Contending for the faith | Making Disciples | Equipping the Saints for Ministry

       Q: “I have heard that we are to rejoice over the death of the wicked, but in another Scripture we are told not to rejoice when our enemies fall. This seems a contradiction to me. Can you explain?”

      A: This is a good question and there is an explanation. We are told in Proverbs 11:10-11, “When it goeth well with the righteous, the city rejoiceth: and when the wicked perish, there is shouting.” If you notice this Scripture has to do with those in government. Keep in mind God holds all government officials and religious leaders to a greater level of accountability because they have been entrusted with much.

      When the righteous are overseeing a city, God is able to bless it because righteous practices are in place and fair justice is being executed. However, when the wicked are in charge, God’s blessings will be profaned or quenched and people will find themselves oppressed, while such wicked people abuse their power by robbing from whoever, as well as killing what stands in the way, and destroying what is pure and just.

      Needless to say, when wicked leaders are brought down, people shout with joy. I have seen this in my lifetime. I remember after the fall of a communistic regime, the leader along with his wife were led to face a firing squad that was televised to the world. Upon his death some people sighed, many shouted, and the rest tried to swallow the last of the bitter pill of death, destruction, and despair that this wicked husband and wife team had forced them to swallow for decades. Likewise, when Iraq fell, we watched the people of that country rejoice and tear down the statue of Saddam. The truth remains so that the people never mourn the fall or death of a wicked, unjust, tyrannical leader because of the great wave of destruction they have left behind.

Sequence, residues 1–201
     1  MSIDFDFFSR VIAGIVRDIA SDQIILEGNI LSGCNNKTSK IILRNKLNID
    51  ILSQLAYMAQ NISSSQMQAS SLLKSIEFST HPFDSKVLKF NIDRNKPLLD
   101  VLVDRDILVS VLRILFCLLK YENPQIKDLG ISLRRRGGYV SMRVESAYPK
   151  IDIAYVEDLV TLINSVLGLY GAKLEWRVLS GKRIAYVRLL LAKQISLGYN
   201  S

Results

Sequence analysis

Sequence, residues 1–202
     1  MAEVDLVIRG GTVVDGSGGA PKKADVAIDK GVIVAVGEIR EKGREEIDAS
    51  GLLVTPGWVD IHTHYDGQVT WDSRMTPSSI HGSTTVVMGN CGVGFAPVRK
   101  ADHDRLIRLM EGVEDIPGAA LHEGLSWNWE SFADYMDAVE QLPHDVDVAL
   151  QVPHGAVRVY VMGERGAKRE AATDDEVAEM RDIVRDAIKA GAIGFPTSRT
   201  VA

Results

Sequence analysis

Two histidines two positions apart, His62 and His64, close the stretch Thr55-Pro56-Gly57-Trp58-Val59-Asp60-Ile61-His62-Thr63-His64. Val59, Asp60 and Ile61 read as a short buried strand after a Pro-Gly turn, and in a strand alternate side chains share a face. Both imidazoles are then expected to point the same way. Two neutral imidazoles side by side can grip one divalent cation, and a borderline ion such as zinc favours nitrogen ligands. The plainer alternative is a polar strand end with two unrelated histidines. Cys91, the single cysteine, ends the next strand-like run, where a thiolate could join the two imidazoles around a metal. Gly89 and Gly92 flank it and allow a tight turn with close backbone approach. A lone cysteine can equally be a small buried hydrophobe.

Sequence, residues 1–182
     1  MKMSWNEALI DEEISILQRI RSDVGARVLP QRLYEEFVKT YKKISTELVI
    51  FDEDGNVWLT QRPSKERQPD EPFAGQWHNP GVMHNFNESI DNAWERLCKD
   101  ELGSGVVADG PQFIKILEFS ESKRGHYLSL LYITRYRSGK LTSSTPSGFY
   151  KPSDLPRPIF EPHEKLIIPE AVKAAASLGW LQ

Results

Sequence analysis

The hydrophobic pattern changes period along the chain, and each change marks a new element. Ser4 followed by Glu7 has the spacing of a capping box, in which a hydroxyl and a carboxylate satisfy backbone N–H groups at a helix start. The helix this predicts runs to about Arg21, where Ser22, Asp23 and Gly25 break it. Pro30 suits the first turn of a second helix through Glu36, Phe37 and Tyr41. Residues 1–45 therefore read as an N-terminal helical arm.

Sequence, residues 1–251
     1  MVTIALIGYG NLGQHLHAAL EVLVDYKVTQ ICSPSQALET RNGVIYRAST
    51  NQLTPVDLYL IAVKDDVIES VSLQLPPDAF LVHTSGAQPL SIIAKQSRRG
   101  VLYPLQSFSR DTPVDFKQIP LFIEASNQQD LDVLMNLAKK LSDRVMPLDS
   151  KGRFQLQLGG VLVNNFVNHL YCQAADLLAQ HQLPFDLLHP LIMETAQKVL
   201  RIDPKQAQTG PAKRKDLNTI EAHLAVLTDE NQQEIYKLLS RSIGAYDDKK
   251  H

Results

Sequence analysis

In Proverbs 24:16-20 we are told, “For a just man falleth seven times, and riseth up again: but the wicked shall fall into mischief. Rejoice not when thine enemy falleth, and let not thine heart be glad when he stumbleth: Lest the LORD see it, and it displease him, and he turn away his wrath from him. Fret not thyself because of evil men, neither be thou envious at the wicked; For there shall be no reward to the evil man; the candle of the wicked shall be put out.”

      There are some simple truths in the above scriptures. Concerning leaders, they affect many people’s lives and ultimately the only one who brings leaders down is God, but in Proverbs 24, it is talking about a personal enemy who falls into sin and will come under judgment. It can be hard to watch an enemy get away with various things without paying any real consequences. It is natural to become angry at our enemy, bitter towards them when there are no apparent consequences, and desire vengeance when they seem to be blessed, but the Lord makes some sound principles clear.

      The first one is that the wicked will fall into mischief. In other words, they will naturally do wrong and as a result they will eventually come under judgment. The second thing we must notice is that we must not concern ourselves with whether the wicked man gets his just reward here, nor should we be envious of worldly blessings for in the end they will receive their just reward.

      This brings us to God’s concern about our attitudes towards personal enemies. We are called to a higher way of looking at our enemy. We need to be an example and witness before them. Our relationship with our enemies will test and expose our character. As Christians, we are to care for their soul as the Lord cared for our soul when we were His enemy, pray for them that they will see their need for Jesus, and do not wish their destruction or rejoice over their fall because that would point to a type of vengeful spirit on our part. Such a spirit reveals one as having a wrong attitude. Judgment always begins in the house of God, with God’s people and there are times we stand in the way of God dealing with our enemies because our attitude is wrong about them (Matthew 5:16, 43-46; James 4:4; 1 Peter 4:17). The truth is God sometimes puts off judging our enemy in order to avoid judging us for what would be clearly unscriptural and unacceptable to Him.

      The wicked will always be what they are, but as Christians we can’t be any less than what we are being called to be as far as having a right spirit, displaying an upright attitude, and responding in honorable conduct towards everyone, regardless of whether they are family, friend, or foe.